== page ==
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Weinstein v. United States

decided.: May 3, 1957.


Author: Mclaughlin

Before MARIS, McLAUGHLIN and STALEY, Circuit Judges.

McLAUGHLIN, Circuit Judge.

These damage suits were brought under the Federal Tort Claims Act, 28 U.S.C. §§ 1346, 2674, 2680. Appellant Weinstein's decedent and appellant Alessandrine were employees of Publicker Industries, Inc. at the latter's alcohol denaturing plant and bonded warehouse, Philadelphia, Pennsylvania. On May 26, 1955, there was an explosion and fire at that place as a result of which Albert Weinstein was killed and Alessandrine injured. The claims arising from those casualties were dismissed as not stating causes of action.

Concededly the asserted liability against the government is solely predicated upon the Internal Revenue Code and regulations. The complaints do not allege occupancy of the premises by the government but say that within the scope of their employment, its employees "supervised and controlled the building" and by reason of causing the building to be locked during certain hours without proper precautions created a highly dangerous condition through the accumulation of fumes, etc. This is not stated to have caused the explosion and fire but appellants do charge that these were "proximately caused and brought about by the negligence and wrongful acts and conduct both of omission and commission on the part of Defendant, its agents * * * within the scope of their employment, under circumstances where the United States, if a private person would be liable * * *."

Not only was there no occupancy by the defendant but the only reasonable inference from the amended complaints and statement on behalf of appellants is that the building where the explosion occurred was owned and occupied by Publicker Industries, Inc. in its bonded warehouse and distillery business. Government inspectors were on the premises under the basic authority of 26 U.S.C. § 5305. This directs the Secretary of the Treasury or his delegate to issue regulations respecting the establishment, bonding and operation of authorized industrial alcohol plants, denaturing plants, and bonded warehouses and the distribution, sale, export and use of alcohol to secure the revenue, to prevent diversion of the alcohol to illegal uses and to obtain the highest possible efficiency in the nonbeverage and allied alcohol industries "consistent with the interests of the Government, and which shall insure an ample supply of such alcohol and promote its use in scientific research and the development of fuels, dyes, and other lawful products."*fn1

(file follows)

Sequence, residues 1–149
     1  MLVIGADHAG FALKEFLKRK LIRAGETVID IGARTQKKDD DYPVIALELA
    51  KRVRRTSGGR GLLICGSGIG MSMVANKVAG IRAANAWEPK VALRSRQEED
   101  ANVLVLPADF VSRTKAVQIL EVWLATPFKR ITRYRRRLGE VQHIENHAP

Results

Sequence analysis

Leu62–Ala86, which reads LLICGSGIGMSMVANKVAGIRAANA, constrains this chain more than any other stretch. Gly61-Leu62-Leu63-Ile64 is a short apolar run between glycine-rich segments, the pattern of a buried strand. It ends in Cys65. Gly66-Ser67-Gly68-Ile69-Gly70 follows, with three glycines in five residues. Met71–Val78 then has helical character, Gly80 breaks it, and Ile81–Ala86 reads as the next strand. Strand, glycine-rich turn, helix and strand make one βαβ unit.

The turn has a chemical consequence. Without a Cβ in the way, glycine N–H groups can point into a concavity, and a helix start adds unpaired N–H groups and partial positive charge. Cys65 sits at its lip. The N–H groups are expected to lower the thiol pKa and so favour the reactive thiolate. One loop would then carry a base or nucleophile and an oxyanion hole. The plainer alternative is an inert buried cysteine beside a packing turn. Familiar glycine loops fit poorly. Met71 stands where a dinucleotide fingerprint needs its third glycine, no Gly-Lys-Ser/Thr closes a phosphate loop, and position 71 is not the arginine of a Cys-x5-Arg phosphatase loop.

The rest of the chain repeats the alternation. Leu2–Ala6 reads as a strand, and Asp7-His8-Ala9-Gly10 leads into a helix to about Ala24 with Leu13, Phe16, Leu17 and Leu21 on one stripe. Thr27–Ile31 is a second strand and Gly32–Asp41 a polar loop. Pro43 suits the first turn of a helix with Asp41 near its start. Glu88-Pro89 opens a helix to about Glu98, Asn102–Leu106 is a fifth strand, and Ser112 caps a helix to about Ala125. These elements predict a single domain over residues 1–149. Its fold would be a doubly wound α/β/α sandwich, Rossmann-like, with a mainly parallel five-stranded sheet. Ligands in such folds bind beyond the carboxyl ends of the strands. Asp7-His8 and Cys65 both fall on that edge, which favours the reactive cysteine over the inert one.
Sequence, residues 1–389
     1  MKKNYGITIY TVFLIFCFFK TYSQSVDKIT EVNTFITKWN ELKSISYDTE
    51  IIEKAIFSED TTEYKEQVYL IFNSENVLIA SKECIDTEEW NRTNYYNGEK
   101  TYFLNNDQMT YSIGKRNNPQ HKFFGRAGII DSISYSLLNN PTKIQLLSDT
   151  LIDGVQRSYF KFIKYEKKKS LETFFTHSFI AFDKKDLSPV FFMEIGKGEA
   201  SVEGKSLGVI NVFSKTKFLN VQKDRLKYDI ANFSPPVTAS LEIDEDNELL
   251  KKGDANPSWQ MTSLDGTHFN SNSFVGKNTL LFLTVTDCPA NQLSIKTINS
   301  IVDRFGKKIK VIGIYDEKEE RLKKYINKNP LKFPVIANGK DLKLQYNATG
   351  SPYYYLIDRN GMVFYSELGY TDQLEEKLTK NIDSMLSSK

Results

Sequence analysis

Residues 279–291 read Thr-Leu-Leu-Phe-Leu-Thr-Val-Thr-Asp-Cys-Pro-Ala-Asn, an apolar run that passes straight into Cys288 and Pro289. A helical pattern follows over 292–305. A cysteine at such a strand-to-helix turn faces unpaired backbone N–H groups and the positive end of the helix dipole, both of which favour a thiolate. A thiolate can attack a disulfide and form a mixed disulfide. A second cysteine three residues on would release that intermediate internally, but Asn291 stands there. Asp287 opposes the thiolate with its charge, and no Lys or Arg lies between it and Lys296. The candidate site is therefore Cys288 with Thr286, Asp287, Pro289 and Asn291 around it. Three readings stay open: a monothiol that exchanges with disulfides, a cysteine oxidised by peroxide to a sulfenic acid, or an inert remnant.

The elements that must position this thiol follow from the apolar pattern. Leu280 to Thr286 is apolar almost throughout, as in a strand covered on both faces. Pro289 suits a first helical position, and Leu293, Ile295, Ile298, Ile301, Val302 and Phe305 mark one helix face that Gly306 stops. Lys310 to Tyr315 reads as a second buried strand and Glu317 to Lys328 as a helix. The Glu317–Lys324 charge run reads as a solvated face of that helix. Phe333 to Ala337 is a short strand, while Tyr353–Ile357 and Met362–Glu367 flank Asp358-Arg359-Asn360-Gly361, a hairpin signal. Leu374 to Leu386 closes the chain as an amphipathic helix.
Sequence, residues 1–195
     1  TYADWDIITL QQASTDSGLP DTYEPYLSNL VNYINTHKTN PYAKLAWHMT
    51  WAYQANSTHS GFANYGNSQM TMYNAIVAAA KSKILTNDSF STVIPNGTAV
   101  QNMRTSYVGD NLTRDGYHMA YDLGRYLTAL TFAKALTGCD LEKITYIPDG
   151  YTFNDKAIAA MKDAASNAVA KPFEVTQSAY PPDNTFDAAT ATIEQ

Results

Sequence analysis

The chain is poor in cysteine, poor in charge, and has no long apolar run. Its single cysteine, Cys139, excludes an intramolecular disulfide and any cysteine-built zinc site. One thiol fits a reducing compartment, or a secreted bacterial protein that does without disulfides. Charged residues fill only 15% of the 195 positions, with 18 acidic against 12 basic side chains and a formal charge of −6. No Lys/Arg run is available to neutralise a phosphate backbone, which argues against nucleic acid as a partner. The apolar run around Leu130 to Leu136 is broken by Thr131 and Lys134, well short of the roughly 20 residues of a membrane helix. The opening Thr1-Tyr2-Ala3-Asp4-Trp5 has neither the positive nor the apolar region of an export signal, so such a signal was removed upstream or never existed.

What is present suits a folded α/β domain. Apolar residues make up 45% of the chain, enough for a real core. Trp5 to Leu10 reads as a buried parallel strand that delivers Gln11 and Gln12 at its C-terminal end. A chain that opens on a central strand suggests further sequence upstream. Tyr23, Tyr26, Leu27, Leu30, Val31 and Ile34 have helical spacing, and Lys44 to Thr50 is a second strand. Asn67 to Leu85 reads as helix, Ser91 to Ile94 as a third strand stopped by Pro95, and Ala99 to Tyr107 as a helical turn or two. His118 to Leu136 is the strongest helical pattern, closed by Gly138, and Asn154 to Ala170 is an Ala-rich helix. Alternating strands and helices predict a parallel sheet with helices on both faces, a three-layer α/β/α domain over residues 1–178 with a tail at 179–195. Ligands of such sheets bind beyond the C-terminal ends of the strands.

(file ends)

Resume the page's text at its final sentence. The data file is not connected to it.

There are various regulations under the above section of the Code the fundamental purpose of which is to enable the government through its agents to fully check the alcohol involved in order that the proper revenue be collected. Section 26 C.F.R., 1955 Supp., Section 182.1 et seq. In line with this certain aspects of construction and equipment are covered but these can be varied under Section 182.103 where applicants show that proposed changes "will afford as much security and protection as the construction and equipment prescribed." This among other things applies to ventilation, the need for which is recognized in Sections 182.41, 182.49. Beyond doubt the regulations contemplate that such plants afford ample opportunity for strict scrutiny and supervision by the government but those measures in no way contemplate the government taking over the business. They are merely to fully protect its tax revenue emanating from alcohol. Producing and storing alcohol are carefully regulated activities primarily because alcohol is a highly remunerative source of tax income. However, within the limits of those revenue restrictions owners and operators of that type of undertaking run their own shows as far as the authority of the Code is concerned. There is not the slightest hint that under the Code there exists a permissible inference that the government was possessor or occupant of the Publicker premises or was there engaged in manufacturing alcohol or operating a bonded warehouse. Publicker, as the owner and operator of the building and business, has no reason in the Code or regulations for functioning under dangerous circumstances. Section 5305 and the regulations contain no excuse for the creation of such conditions or the sanctioning of them, nor any indication that the shifting of Publicker's obligation over to the government would be countenanced. In United States v. Witten, 1892, 143 U.S. 76, 79, 12 S. Ct. 372, 373, 36 L. Ed. 81, distilled spirits were stolen from a bonded warehouse. Relief from taxes on these was sought on the proposition the government agents had been negligent in security measures. The Court held: "The only duty which the revenue officers owed in regard to the security of the warehouse and safekeeping of the spirits therein, was to the government, and not to the defendants; and any negligence of those officers gave the defendants no rights against the government * * *." That exact principle absolving the government from a duty to protect the warehouseman's property would also have applied if an employee of the warehouse had been killed in the course of the robbery. In turn it follows that there is absence of responsibility on the part of this appellee for the death and injury of Messrs. Weinstein and Alessandrine, employees of the operating owner and on duty for it at the time of the accident.